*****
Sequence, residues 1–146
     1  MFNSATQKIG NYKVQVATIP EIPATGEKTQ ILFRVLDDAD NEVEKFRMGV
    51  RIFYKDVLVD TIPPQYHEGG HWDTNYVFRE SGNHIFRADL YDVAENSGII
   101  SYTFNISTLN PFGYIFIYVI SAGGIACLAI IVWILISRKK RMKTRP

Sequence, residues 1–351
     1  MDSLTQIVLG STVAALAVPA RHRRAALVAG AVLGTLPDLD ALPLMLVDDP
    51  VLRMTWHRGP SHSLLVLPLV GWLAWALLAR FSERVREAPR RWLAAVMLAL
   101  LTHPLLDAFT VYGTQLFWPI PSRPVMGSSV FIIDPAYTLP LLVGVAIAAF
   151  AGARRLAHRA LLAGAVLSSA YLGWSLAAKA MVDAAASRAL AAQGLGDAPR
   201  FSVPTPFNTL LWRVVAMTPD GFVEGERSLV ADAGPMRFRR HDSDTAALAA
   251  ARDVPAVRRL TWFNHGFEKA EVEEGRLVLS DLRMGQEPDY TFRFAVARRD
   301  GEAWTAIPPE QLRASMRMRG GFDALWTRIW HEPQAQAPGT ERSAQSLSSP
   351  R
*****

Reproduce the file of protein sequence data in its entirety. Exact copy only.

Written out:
Sequence, residues 1–146
     1  MFNSATQKIG NYKVQVATIP EIPATGEKTQ ILFRVLDDAD NEVEKFRMGV
    51  RIFYKDVLVD TIPPQYHEGG HWDTNYVFRE SGNHIFRADL YDVAENSGII
   101  SYTFNISTLN PFGYIFIYVI SAGGIACLAI IVWILISRKK RMKTRP

Sequence, residues 1–351
     1  MDSLTQIVLG STVAALAVPA RHRRAALVAG AVLGTLPDLD ALPLMLVDDP
    51  VLRMTWHRGP SHSLLVLPLV GWLAWALLAR FSERVREAPR RWLAAVMLAL
   101  LTHPLLDAFT VYGTQLFWPI PSRPVMGSSV FIIDPAYTLP LLVGVAIAAF
   151  AGARRLAHRA LLAGAVLSSA YLGWSLAAKA MVDAAASRAL AAQGLGDAPR
   201  FSVPTPFNTL LWRVVAMTPD GFVEGERSLV ADAGPMRFRR HDSDTAALAA
   251  ARDVPAVRRL TWFNHGFEKA EVEEGRLVLS DLRMGQEPDY TFRFAVARRD
   301  GEAWTAIPPE QLRASMRMRG GFDALWTRIW HEPQAQAPGT ERSAQSLSSP
   351  R